As more women enter the workforce and start their own businesses, there has been a multitude of studies looking for links between increased gender diversity and revenue. On a higher level, much of the research appears to point to how societal values and business culture can deeply shape how more gender diversity improves productivity.
Societal values at play in the workforce
The prevailing 20th-century assumption of American entrepreneurs was that they were chiefly white and male. Although that belief is being chipped away, this vision has continued well into the days of Silicon Valley.
The reality is changing worldwide, however. Some 40% of new entrepreneurs are now women, according to Entrepreneur.com, and worldwide female entrepreneurship is currently outpacing male entrepreneurship.
The question still lingers about the dollar-and-cents impact that gender diversity has on productivity. A recent Harvard Business Review study found that the relationship between increased gender diversity and increased productivity seems to be linked to values far larger than what can be seen in one specific workplace.
“Beliefs about gender diversity create a self-fulfilling cycle,” the authors wrote. “Countries and industries that view gender diversity as important capture benefits from it. Those that don’t, don’t.”
The researchers looked at about 1,000 leading companies across 35 nations and 24 industries. They found that gender diversity was positively linked to productivity only when this diversity was culturally accepted on a wider basis.
The researchers called this “normative” acceptance of gender diversity, defined as a “widespread cultural belief” that such diversity is important. As examples, they noted that the telecommunications industry in Western Europe now has a normative acceptance of gender diversity, while the energy industry in some Middle Eastern nations does not.
The study points to increased gender diversity leading to greater performance in the Western European nations’ telecommunications companies, and the opposite appears to be true in the Middle Eastern energy companies.
Cultural versus legal expectations have important impacts
The researchers contrasted normative acceptance of gender diversity with “regulatory acceptance,” which is where the government has created a legal framework aimed at improving gender diversity. Though the 2 concepts are related, they remain separate.
The study uses Japan as an example to illustrate the difference. The East Asian country has progressive laws on the books for gender-inclusive causes like parental leave. Still, their workplace culture remains very patriarchal. The researchers believe, then, that Japan does not reap the productivity benefits of having more women in the workplace compared to other countries.
While one workplace is unable to change the entire culture, the highlights of the study can give American small business owners plenty to consider. Instead of following the letter of anti-discriminatory laws, there are many reasons to foster a spirit of diversity at your business. Not only is it the right thing to do, but it may improve the productivity of your workforce.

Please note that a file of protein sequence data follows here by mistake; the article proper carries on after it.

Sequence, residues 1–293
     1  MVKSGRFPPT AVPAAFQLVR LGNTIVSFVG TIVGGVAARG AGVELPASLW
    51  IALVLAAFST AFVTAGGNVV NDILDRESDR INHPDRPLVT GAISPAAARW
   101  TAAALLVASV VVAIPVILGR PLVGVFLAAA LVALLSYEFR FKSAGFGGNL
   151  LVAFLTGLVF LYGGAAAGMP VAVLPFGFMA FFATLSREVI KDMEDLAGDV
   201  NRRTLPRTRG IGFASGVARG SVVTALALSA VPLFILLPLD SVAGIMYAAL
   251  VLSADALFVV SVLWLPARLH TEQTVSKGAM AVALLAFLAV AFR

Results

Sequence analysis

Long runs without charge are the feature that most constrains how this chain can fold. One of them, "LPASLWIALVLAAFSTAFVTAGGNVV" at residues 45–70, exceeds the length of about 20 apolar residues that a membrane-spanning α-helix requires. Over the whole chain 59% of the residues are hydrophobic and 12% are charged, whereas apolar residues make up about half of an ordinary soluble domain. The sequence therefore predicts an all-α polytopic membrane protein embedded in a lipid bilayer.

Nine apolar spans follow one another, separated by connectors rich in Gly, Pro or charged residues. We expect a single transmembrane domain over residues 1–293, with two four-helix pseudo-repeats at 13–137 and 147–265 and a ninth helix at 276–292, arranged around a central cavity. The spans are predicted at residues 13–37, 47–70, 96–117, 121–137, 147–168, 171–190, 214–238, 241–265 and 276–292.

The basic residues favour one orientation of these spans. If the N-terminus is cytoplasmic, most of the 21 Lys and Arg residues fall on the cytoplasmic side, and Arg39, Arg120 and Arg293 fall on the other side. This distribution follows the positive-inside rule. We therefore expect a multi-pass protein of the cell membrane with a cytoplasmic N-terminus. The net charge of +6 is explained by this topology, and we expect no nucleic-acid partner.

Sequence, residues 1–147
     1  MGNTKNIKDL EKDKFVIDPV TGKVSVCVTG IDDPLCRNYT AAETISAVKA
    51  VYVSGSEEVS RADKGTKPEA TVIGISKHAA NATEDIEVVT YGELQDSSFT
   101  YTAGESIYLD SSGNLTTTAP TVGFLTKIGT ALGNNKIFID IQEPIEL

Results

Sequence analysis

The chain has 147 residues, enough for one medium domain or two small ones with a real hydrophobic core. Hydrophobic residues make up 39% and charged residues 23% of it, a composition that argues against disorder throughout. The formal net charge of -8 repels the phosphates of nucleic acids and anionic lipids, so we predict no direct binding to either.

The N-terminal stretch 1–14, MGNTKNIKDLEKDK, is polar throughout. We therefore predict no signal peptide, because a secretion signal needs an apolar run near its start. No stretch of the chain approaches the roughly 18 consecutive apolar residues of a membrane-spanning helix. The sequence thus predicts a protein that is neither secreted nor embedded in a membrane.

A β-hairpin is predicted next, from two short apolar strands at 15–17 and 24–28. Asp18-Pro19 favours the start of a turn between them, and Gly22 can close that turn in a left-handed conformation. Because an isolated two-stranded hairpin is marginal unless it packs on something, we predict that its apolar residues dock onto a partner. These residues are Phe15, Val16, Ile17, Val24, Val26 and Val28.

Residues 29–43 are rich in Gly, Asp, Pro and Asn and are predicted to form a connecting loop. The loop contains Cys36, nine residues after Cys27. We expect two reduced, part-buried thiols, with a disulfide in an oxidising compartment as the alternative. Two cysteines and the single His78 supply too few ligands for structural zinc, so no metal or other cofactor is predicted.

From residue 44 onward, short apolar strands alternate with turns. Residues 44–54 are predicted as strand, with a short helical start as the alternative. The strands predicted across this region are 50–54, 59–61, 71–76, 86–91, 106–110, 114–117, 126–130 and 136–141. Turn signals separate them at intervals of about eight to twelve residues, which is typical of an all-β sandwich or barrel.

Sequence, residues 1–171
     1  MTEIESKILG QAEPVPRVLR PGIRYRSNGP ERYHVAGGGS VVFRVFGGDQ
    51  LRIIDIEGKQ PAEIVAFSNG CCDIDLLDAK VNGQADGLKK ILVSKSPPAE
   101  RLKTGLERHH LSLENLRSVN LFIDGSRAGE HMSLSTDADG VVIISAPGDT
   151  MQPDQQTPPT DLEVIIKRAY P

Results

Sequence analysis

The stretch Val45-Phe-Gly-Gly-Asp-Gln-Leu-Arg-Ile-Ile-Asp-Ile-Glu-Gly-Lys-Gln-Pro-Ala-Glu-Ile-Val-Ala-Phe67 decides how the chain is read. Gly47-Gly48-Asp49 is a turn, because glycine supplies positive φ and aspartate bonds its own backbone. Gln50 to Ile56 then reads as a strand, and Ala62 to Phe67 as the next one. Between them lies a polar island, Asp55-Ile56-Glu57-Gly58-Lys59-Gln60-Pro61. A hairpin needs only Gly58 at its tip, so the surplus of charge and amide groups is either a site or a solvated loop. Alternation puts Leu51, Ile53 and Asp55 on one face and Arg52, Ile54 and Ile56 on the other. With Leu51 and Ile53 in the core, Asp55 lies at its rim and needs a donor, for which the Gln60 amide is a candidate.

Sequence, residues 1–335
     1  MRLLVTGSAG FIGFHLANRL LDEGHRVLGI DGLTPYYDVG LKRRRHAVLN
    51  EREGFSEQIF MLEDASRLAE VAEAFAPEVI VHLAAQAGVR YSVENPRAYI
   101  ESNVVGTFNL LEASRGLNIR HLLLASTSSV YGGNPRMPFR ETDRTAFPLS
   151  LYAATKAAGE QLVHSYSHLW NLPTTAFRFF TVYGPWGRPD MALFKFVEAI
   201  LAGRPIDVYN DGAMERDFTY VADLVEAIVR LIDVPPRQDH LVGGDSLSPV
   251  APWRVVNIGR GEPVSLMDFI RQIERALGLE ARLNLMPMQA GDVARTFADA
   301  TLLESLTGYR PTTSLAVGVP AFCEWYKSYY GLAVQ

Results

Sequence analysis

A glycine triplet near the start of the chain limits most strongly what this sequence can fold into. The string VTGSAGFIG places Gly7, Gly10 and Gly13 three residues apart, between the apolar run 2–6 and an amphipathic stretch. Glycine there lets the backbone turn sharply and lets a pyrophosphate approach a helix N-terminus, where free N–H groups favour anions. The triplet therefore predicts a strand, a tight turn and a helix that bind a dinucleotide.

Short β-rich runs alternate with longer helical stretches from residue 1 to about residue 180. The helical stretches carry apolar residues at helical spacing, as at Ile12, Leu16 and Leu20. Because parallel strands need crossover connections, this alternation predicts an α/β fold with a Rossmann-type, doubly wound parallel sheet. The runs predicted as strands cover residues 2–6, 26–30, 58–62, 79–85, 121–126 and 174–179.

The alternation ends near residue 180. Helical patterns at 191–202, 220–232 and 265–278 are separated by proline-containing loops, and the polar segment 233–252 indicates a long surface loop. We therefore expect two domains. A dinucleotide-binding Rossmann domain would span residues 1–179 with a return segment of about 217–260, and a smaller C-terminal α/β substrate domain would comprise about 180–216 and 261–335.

Gender diversity and increased revenue
In certain ways, the conclusions of the HBR researchers appear to be mirrored in other studies.
The HBR researchers mentioned an earlier study of about 170 corporate boardrooms in Indonesia that found increased gender diversity appeared to hurt productivity.
“This study finds that both accounting and market performance have significant negative associations with gender diversity,” that study said.
While Indonesia is not a terrible place for female workers (it had its first female head of state in the 1980s), the country has some of the lowest participation rates for women in the workforce in Asia. Though there are strong attempts for regulatory acceptance, the case could be made that the country has not yet reached optimal normative acceptance of gender diversity.
Worldwide, regulatory acceptance might be transforming into normative acceptance. A 2018 Boston Consulting Group review of 1,700 in 8 major economies found that increased gender diversity of management correlated with increased revenue. Even more interesting, increased gender diversity appeared to lead to newer, more profitable innovations in the short term.
“Nearly half the revenue of companies with more diverse leadership comes from products and services launched in the past three years,” the researchers said in a report. “In an increasingly dynamic business environment, that kind of turbocharged innovation means that these companies are better able to quickly adapt to changes in customer demand.”
Gender diversity and attracting top talent
Gender diversity seems to impact how potential hires view your business.
A 2014 survey by employment platform Glassdoor found that 67% of people both actively and passively seeking employment believe a diverse workforce is important when considering job offers.
Some 72% of female job seekers see diversity as a major factor when considering potential employers along with 62% of male job seekers.
“That means that whether or not your company is interested in increasing its diversity, chances are that candidates are evaluating diversity when they research your company and during the interview process,” the company said in a release.